Payne and Wermeling (2009) assert that there exists a variety of reasons why the abused women fail to leave abusive relationships. One reason is that they are victims of their own emotional realism. In many societies of the world, religion and cultural values do not recommend divorce or separation. This means that women who try to escape their aggressive partners are looked upon as deviants. Others stay because they are convinced that it is the best thing to do for their children who need both of their parents in order for them to grow up as stable individuals in the society. This coupled with the fact that a majority of them lack economic stability and depend financially on their husbands force the hapless women to put up with the aggression perpetrated against them in the hope that one day it will all go away. The problem, however, is that it always gets worse and many victims end up losing their lives. Kernsmith (2005) asserts that despite the increased crusades for gender equality and egalitarianism many men remain still very traditional feel that it is okay to ‘punish’ women in the event that their behavior or attitudes demean the position of a man as the head of the family. In order to get rid of these notions there should be more empowerment programs for women so that they develop feelings of self worth and confidence.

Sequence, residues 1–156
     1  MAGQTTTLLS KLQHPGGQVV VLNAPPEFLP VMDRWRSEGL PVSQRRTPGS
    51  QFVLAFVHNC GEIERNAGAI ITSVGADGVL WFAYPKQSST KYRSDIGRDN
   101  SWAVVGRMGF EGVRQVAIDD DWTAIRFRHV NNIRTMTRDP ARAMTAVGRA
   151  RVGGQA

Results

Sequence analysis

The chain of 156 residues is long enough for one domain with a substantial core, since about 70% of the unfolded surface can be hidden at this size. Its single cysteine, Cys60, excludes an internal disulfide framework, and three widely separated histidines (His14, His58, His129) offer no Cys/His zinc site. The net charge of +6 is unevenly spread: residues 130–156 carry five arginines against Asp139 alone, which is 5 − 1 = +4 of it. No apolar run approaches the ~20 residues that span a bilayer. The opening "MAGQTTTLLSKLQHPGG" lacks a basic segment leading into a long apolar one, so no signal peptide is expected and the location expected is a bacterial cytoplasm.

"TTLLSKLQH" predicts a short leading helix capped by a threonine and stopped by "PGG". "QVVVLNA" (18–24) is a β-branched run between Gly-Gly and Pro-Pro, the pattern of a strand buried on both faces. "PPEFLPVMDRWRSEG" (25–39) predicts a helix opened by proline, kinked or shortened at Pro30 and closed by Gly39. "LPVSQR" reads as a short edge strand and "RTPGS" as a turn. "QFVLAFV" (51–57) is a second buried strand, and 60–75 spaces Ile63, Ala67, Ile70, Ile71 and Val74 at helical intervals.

On the other hand, Cook (1997) asserts that despite the fact that in every fifteen seconds there is a woman being subjected to violence in the U.S., the numbers of men who are victims of aggression have also increased tremendously. Abuse is perceived as being physical, sexual, emotional or psychological. Cook argues the outcome of surveys conducted by the U.S. department of justice, through the National Crime Victimization Survey (NCVS), about the issue of familial violence, have shown that the number of abused men have risen significantly in the last half a decade. While 54% of abused females report the incidents, only 45% of the men have the courage or will to do so.
Maiuro and Eberle (2008) state that when it comes to issues of familial or domestic violence the state should be on the forefront to deal with the perpetrators. The government or administration of any nation has the responsibility to safeguard its citizens from any sort of criminal victimization. Although there are many judicial and criminal agencies that are doing their best to deal with the issue, the rates of violence still remain high. It is necessary for a social worker to understand all these agencies so as to be able which is the most appropriate for the different cases that they encounter. In the earlier days cases of domestic violence were mainly handled as familial issues; currently however, it is a criminal offence in America to mete out violence on another person whether you are in an intimate relationship or not.